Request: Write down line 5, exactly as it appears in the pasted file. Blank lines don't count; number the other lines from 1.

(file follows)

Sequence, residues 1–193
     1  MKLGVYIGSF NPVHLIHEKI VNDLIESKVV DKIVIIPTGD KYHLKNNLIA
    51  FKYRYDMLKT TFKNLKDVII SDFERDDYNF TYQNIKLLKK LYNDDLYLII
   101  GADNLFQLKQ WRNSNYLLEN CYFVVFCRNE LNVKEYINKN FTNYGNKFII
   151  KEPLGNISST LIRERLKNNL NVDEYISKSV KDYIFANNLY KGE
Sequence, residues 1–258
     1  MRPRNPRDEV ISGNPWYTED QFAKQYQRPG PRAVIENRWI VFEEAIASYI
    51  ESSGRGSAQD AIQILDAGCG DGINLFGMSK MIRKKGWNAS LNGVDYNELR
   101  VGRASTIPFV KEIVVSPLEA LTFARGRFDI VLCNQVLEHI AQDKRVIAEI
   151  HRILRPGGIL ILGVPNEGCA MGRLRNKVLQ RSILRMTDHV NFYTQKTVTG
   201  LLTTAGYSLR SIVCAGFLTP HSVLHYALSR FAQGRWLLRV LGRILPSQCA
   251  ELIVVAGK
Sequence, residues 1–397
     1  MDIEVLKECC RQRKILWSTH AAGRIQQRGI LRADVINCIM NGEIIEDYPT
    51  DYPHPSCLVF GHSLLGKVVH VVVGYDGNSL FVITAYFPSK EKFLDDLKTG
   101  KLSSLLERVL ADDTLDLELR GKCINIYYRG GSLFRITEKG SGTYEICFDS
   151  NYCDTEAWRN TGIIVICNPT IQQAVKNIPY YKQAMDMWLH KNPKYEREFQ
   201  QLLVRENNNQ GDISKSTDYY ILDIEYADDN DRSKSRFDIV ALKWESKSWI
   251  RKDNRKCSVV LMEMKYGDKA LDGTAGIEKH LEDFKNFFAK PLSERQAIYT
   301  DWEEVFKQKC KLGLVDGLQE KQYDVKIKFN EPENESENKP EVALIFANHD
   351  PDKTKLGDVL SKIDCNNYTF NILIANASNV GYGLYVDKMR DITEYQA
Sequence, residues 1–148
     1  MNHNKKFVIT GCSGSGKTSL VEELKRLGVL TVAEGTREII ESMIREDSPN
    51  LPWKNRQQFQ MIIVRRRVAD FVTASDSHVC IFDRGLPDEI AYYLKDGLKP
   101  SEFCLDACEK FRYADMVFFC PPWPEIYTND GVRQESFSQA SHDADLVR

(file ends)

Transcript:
   151  KEPLGNISST LIRERLKNNL NVDEYISKSV KDYIFANNLY KGE